Saddling the Saddle Mountain
The Saddleback (or Saddle) mountain is the highest peak to the west of Portland and makes for quite a challenging hike, gaining over 1600 feet of altitude over two and a half miles. Doesn't that sound like fun? Well, it has been a while since I did some major hiking so I figured why not swing by there on my way to Oregon's Pacific coast.
Frankly, I underestimated this hike. After reading a few guides and blog posts that classified it as a moderate difficulty day hike I figured it was the usual politically correct terminology for a fairly easy stroll.
Not so much.
The seven mile drive from highway 26 to the beginning of the hike was not very exciting, but the thick forrest surrounding the road made for some cool photo opportunities.
I chucked at the Rough Road sign since even though it was not a wide road, it was in great shape with just a couple of potholes. I could not help but mentally compare it to the roads we have driven on in Laos... We are so spoiled in the US!
Back to the hike.
At the beginning, there is a quick side hike to a spot with a great view of Saddle Mountain (and what to come).
Past the lookout, the main trail quickly became a pretty challenging endeavor. In many places, it was pretty well covered with weeds and branches, making me think twice about trying to go through in shorts and shirtless. Adding to the unpleasantness, was the constant cloud of bugs everywhere there was even a bit of shade. That also meant that stopping to catch my breath was pretty much not an option since as soon as I would do that, I would literally be covered in flys so I pressed on.
Unlike any other hiking I have done before, the trail was pretty much a constant climb and as I got higher, many of the sections were laid out in rocks encased in metallic mesh to prevent them from sliding or getting washed away.
After an hour and a half of non-stop climbing, I have finally made it to the top. The last quarter of the hike was especially steep and challenging to the point that I actually had to pause for a bit once I was just a few feet from the top - my body did not seem to want to go any further at that point!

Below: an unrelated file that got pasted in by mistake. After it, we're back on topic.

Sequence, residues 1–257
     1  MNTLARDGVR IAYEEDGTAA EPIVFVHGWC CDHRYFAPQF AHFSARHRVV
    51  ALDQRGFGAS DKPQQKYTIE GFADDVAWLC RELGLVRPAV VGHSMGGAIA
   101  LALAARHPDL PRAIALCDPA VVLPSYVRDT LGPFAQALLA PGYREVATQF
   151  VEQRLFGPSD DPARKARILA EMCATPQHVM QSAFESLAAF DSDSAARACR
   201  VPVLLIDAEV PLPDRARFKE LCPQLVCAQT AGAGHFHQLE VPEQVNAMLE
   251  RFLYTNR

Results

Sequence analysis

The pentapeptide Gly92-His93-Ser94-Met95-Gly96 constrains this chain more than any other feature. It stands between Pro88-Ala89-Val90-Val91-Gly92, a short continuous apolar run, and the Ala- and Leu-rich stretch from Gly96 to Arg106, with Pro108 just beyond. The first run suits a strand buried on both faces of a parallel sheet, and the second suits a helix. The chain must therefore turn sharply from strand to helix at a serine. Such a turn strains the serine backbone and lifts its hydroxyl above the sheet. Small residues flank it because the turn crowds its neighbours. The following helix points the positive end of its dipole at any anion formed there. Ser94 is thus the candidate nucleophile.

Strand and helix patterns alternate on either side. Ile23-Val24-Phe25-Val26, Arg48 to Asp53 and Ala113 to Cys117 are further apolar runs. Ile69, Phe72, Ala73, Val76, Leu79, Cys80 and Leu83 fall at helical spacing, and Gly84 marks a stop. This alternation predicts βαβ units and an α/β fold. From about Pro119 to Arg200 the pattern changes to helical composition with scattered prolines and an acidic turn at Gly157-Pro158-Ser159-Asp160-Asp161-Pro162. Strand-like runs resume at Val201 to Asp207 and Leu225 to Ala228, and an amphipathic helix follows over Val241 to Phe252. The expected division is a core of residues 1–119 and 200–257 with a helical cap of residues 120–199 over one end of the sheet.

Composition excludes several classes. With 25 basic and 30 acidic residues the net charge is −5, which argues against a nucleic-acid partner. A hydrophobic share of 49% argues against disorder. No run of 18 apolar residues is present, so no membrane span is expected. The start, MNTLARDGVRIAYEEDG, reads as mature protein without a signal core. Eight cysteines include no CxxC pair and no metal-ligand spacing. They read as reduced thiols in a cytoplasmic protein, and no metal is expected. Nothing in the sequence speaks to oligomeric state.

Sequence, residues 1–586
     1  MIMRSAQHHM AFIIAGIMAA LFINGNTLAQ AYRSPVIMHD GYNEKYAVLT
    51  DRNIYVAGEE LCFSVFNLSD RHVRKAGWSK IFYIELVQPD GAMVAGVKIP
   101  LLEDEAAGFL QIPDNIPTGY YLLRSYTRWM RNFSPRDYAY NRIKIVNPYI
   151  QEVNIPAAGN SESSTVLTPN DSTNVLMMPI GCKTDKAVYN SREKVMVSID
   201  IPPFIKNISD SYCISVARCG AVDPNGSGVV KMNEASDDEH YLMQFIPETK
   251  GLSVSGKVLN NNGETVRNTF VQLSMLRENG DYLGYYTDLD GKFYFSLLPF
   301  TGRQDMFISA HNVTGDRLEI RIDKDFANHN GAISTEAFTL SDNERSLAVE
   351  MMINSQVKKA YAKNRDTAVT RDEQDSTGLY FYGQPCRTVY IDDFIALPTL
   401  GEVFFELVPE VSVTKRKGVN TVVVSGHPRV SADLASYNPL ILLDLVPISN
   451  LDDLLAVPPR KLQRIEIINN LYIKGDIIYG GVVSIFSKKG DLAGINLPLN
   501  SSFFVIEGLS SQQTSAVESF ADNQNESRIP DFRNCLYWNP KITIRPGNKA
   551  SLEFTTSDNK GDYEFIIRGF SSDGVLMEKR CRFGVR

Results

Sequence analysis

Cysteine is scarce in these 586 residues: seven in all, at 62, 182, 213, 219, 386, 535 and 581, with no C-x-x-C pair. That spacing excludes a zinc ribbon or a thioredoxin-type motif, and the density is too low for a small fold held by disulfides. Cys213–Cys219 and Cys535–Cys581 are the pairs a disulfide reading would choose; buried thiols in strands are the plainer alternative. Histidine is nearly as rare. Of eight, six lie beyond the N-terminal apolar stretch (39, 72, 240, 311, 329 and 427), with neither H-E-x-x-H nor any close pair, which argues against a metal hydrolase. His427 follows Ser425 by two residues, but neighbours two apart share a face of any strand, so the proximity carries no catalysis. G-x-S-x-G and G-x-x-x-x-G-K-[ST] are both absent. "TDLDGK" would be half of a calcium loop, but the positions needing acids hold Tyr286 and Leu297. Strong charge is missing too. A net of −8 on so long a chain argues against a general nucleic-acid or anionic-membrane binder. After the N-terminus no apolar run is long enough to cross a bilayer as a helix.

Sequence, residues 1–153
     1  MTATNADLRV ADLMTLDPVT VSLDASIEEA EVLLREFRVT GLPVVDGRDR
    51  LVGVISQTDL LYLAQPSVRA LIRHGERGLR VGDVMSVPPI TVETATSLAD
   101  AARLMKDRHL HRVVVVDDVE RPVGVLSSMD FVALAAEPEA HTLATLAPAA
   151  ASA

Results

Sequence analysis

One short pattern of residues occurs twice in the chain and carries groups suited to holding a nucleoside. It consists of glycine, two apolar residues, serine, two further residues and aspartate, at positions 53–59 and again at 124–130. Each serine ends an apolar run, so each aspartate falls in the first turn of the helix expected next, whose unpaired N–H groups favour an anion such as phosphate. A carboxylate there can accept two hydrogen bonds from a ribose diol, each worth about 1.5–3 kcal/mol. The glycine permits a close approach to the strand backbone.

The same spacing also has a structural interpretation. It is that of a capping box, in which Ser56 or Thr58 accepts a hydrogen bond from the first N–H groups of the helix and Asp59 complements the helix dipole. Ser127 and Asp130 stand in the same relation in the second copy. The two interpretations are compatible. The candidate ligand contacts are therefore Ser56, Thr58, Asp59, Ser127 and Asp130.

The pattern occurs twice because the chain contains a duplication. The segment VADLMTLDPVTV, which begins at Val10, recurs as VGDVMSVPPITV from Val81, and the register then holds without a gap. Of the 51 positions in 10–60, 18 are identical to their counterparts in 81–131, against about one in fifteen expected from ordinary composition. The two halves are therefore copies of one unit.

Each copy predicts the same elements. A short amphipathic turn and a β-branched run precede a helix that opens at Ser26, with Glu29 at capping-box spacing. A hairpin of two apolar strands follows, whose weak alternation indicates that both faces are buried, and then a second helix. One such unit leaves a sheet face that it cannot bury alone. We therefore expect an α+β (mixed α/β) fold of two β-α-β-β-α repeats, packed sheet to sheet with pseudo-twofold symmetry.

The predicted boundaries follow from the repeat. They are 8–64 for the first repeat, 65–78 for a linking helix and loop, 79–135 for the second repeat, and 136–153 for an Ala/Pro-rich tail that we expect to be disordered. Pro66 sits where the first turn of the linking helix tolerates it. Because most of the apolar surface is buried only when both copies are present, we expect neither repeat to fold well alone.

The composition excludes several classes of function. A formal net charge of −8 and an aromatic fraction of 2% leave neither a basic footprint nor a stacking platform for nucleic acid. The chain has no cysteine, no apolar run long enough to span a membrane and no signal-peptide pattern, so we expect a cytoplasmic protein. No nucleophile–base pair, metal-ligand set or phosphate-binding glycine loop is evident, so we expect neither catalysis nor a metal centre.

They say that on a clear day one can see from the top both, the coast to the west, and Oregon's tallest Mt. Hood to the east. Unfortunately, it was a bit hazy to the east and a part of the coast was covered in clouds. Still, the view was a nice one:
After spending half an hour at the top, it took me another hour to make it back down to my car. It also gave me some time to reflect on what I did right:
- It was hot. I was sweating non-stop. The least clothing you can afford to wear, the better you will feel.
- To go along with the above, I decided not to bring a backpack and instead put things in my pockets/carried my water.
- For the same reason, do not wear a hat. Most of the way is shaded and a hat will just make your head overheat.
- You must wear comfortable shoes. This is absolutely not a flip flops-grade hike.
- Bring at least a litter/quart of electrolyte-rich drink (I had Gatorade). Better yet, a litter and a half.
- Bring some light snacks - a couple energy bars, nuts, etc. Remember that chocolate will melt.
As well as what someone else could improve on:
- Have a towel and a change of clothes ready for when you get back. You will be drenched.
- Do not put sunscreen on. Most of the way is in the shade and you will sweat it all off (into your eyes).
- Do check the weather beforehand to make sure you do not have to deal with the clouds (and that you will have a good view).
It truly is a great hike!